Fannie Mae and Freddie Mac posted incredible profit in 2013, bringing in $84 billion and $49 billion, respectively. But in a drastic downturn, both government-sponsored enterprises' net earnings fell by over 80% in 2014, falling to $14 billion and $8 billion, respectively, according to Urban Institute Senior Fellow Jim Parrott’s new report on “What to make of the dramatic fall in GSE profits.”  

Just as the industry was praising the strong profits that the GSEs were bringing in, the conversation started to shift to whether Freddie would require another draw on Treasury, Parrott explained.

HousingWire published another piece Monday exploring the likelihood of a Treasury draw for Freddie, including three reasons why that wouldn't be likely.  

To understand the significant drop in profit, Parrott explained the sources behind the GSEs’ profits.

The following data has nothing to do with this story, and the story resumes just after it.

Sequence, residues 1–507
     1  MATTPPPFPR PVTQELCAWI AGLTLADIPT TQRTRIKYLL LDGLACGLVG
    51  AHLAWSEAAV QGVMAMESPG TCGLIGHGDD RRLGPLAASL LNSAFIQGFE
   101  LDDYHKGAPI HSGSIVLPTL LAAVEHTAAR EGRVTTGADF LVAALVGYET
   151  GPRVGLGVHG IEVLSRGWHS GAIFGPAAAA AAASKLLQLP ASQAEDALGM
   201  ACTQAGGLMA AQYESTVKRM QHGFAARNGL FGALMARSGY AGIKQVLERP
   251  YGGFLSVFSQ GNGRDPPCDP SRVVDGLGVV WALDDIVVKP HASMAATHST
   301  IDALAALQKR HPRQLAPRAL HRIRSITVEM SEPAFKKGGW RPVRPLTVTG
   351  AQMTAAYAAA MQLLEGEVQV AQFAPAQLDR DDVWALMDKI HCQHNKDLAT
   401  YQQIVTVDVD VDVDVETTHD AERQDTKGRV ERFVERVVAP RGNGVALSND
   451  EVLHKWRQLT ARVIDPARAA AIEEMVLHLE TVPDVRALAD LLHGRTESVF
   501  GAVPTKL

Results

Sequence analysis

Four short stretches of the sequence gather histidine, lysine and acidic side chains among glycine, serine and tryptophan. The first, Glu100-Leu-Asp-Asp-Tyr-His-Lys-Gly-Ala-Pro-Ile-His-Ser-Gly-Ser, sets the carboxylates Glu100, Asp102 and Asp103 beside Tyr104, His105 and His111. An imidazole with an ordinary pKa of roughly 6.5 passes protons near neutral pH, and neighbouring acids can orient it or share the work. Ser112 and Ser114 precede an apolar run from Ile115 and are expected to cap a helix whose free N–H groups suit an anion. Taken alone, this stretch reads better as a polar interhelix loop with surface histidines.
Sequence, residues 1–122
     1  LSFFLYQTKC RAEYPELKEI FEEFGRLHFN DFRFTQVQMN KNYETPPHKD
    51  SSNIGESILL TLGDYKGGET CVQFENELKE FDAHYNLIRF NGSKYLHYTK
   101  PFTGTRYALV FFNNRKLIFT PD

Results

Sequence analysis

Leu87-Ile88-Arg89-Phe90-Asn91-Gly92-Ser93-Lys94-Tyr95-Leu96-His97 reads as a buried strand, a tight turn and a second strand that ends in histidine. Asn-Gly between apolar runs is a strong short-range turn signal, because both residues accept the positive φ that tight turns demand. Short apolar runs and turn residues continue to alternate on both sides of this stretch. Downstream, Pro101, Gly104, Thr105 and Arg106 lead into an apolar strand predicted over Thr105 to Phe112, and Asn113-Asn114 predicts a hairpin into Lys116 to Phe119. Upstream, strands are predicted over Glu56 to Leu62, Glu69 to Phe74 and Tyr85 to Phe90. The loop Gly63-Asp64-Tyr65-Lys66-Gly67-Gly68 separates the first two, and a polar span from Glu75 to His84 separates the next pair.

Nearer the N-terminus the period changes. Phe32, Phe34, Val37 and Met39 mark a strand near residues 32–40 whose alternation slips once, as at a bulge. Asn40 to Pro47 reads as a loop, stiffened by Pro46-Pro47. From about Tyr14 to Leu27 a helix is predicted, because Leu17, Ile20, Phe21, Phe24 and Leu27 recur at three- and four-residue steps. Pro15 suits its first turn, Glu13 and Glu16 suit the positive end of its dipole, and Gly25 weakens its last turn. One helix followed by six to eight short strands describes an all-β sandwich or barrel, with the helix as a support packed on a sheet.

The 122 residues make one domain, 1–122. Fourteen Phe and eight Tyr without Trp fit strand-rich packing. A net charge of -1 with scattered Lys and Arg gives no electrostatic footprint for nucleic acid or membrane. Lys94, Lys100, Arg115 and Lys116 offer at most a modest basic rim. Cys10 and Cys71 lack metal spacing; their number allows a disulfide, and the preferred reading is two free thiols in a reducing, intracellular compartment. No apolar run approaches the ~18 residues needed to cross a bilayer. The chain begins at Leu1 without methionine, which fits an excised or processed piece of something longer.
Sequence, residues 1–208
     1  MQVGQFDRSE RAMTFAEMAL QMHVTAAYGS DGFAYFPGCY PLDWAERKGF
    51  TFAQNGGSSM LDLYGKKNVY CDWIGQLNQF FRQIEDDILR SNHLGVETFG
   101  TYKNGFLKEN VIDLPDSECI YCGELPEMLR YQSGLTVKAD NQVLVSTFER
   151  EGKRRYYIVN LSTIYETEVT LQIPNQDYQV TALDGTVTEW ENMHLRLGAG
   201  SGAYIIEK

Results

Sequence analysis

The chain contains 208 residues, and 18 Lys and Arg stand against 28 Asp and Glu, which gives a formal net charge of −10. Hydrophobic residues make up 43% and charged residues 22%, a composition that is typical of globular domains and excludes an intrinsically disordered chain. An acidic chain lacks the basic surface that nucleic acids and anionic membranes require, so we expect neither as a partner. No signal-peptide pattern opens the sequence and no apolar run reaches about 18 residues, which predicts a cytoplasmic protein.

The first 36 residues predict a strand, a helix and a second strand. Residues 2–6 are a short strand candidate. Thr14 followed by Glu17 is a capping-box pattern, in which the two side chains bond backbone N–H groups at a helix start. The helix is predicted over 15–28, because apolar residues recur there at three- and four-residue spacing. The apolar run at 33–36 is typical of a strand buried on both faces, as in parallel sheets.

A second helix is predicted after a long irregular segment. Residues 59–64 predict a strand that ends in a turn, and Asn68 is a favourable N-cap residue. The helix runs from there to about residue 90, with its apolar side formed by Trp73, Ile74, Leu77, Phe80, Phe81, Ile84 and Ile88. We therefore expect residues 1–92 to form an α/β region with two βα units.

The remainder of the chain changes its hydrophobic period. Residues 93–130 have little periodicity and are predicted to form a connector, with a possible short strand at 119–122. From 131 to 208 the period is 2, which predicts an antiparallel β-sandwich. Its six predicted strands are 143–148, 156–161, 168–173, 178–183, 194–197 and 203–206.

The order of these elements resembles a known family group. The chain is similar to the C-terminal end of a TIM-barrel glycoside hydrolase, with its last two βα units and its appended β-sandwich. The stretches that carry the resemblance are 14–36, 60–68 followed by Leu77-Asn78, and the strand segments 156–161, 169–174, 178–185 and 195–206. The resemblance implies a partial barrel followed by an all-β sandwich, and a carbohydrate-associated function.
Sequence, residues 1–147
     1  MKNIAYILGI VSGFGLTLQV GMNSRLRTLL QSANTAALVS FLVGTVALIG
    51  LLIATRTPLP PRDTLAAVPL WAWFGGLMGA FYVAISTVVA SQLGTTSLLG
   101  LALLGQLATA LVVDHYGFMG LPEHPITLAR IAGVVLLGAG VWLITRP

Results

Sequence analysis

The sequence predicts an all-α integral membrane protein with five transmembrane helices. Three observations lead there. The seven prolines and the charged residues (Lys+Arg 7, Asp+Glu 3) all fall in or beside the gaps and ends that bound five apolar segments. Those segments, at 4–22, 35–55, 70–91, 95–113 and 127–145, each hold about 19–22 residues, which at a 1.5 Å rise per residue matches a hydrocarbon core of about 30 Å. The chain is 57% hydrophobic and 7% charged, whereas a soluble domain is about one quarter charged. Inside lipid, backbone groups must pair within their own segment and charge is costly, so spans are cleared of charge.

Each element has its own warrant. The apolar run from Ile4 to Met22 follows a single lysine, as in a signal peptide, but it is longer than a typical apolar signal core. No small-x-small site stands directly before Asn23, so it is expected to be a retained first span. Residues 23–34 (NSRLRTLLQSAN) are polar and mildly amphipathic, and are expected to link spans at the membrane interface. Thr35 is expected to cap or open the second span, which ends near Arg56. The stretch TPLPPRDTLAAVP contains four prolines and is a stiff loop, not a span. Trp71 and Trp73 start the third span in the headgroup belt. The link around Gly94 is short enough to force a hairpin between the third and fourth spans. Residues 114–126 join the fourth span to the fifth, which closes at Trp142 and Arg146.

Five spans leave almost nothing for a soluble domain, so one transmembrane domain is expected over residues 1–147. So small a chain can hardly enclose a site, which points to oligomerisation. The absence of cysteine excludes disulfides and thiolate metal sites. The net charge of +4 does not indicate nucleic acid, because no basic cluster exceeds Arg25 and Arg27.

“About half the profits of each institution came from reclaiming tax assets that were written down during the crisis: Fannie reclaimed $45 billion and Freddie $23 billion. Between a quarter and a third of the profits came from earnings from their portfolios: Fannie earned $19 billion and Freddie earned $16 billion. And a significant sum came from legal settlements, though precisely how much is difficult to decipher, as the settlements are dispersed among several larger revenue streams,” said Parrott.

And this lower profit is likely here to stay.

“The only major revenue source not being wound down is what the GSEs generate from their core guarantee business, in which they collect a fee in exchange for guaranteeing the default risk of loans for investors,” Parrott added.  

Parrott explained that the steady decline of several large but ephemeral sources of revenue will force the GSEs to rely increasingly on their guarantee business for their profits.

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Source: The Urban Institute